Today we review the Quarterbacks taken over the past 10 years in Round 1 of the NFL Draft to see how they have graded out. The important thing to note is how they averaged the 11th pick on the draft. This skews the comparisons, as so many have been taken near the top of the round.
|Year||Player||Pick||Starts||Rat’g||Pro Bowls||Wonder’s Grade|
* reminder that the 2008-2009 draft picks are in flux. Those ratings are not bedrock and are more subject to change than the rest.
You may not agree with all of Wonder’s grades. I for one disagree with a handful. I do not like Jason Campbell as a 3. I think he is a 4. I would not give Roethlisberger a 1, but he has won two titles and is the franchise, so at least I can understand the reasoning behind the grade. Given the widespread heated debate that all fans give on Quarterbacks 365 days of the year, this is not meant to be a definitive judgment on the relative capacities of the players rated. It is more generally trying to uniformly grade the position, not the individual. There are going to be Eli Manning-lovers who want him to get a 2. I personally like him right where he is, as a 3, a solid starter. If he puts away the Chargers on 3rd and Goal up 17-14 instead of choosing to checkdown.. if he does not fold vs the Eagles in January of 2009.. then he is a 2. I know some will disagree. And then others will cry about the latest crop of QBs like Stafford and Sanchez having the same rating as Eli. This is not an EXACT science. At this early stage they probably deserve 4’s, but Wonder (who has a track record of being a tough critic) likes both. It is hard to argue with the maturation of Sanchez, who (as Terry Bradshaw would note) went to hell first and then to the AFC Championship, all in his rookie year.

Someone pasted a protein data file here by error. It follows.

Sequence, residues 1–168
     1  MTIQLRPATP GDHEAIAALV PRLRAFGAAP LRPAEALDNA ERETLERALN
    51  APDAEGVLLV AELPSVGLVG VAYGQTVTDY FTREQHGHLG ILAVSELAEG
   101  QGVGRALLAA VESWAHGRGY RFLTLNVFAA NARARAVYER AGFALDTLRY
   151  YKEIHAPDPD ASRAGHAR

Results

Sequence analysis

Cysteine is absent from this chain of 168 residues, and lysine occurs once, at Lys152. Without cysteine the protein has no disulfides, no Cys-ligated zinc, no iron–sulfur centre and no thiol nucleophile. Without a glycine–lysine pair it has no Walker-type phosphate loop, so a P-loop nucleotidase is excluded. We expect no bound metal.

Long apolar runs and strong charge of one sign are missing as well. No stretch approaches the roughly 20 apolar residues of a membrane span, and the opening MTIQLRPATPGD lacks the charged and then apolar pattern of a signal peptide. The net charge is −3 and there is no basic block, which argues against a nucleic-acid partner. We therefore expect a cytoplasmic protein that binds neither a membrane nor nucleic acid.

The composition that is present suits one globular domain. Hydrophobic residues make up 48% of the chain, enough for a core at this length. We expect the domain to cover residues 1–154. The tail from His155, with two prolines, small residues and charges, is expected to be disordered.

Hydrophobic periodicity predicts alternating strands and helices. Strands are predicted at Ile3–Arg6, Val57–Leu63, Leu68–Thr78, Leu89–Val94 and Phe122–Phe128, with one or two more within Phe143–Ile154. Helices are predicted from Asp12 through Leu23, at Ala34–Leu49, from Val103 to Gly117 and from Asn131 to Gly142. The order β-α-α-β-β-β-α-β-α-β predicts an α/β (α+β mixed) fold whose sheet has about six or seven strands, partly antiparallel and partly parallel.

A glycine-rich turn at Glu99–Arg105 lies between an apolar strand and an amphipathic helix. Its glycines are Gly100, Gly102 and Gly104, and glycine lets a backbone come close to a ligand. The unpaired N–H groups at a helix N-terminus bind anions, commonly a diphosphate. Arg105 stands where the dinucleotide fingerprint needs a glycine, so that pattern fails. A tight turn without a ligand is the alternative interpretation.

The bottomline is that this grading is not meant to be “the” source of judgment.. it is done to objectively rate things that are much LARGER than any one player. The goal here is to dig down and look at the positions in aggregate, and then to look at the SLOTS 1-32 each year to see how those did. We won’t be perfect on all the players, but as long as we are fairly close, we will have a very good review. The system prevents giving a 3.5 or 2.5 or some other half grade; we did not want to get into too much minutae, less we next end up with a 14 tiered ranking system that starts to get crazed. 7 grades are enough. We have enough differentiation.
We need to point out again that the difference between a QB as a 3.8 and another position having a higher grade is understandable. Vince Lombardi lamented how important the QB was. And yet here we are 50 years later and it is still every bit as important… actually even more important given the rules changes and selective enforcement. So General Managers will reach for weaker Quarterbacks and a 3.8 is not a surprise. Frankly, I would have expected it to be lower, but the 2008 and 2009 young QBs really have hit the ground running.
Let’s also remember that we have to factor in the average slot in Round 1 where they are collectively taken. It is harder to compare QB as the #11 pick for EVERY player in the sample, vs the Guards and Centers, who are picked at an average spot of #23. Once we are done with the Tight Ends, we’ll look at the rating of all 32 slots to see if we can adjust each position and make them all the same average spot so that we are talking apples to apples.